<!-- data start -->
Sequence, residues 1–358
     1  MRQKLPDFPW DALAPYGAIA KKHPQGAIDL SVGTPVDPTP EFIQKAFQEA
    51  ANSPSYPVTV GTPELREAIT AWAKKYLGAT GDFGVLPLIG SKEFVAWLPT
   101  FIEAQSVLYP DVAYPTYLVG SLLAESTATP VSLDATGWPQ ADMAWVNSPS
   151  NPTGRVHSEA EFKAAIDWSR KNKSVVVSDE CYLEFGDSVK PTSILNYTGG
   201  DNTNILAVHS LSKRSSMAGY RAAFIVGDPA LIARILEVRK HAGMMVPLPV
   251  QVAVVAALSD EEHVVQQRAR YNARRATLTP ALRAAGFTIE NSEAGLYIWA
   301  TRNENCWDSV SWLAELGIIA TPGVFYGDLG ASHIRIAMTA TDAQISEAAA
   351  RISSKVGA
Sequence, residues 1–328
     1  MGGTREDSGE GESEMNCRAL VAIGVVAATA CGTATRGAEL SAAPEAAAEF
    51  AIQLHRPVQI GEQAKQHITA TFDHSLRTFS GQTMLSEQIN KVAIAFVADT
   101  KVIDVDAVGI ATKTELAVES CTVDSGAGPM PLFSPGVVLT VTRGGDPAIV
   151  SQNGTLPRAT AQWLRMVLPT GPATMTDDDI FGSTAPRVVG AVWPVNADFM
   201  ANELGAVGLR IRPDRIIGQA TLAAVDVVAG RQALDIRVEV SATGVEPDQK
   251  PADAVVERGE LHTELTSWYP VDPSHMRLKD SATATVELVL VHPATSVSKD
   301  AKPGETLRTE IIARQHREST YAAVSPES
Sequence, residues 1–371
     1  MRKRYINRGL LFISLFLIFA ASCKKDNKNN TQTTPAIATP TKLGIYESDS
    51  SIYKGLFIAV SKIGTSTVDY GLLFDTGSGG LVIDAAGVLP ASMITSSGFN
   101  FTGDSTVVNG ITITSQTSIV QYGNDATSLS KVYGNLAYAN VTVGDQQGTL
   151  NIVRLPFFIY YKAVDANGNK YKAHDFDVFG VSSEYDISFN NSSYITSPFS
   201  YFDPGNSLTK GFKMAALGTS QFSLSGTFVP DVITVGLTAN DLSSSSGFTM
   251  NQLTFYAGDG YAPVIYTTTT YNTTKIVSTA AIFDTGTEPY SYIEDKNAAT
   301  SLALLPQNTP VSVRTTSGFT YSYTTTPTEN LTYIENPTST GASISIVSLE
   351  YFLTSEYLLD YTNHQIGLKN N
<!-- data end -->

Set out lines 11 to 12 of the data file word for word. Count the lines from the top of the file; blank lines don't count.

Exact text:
     1  MGGTREDSGE GESEMNCRAL VAIGVVAATA CGTATRGAEL SAAPEAAAEF
    51  AIQLHRPVQI GEQAKQHITA TFDHSLRTFS GQTMLSEQIN KVAIAFVADT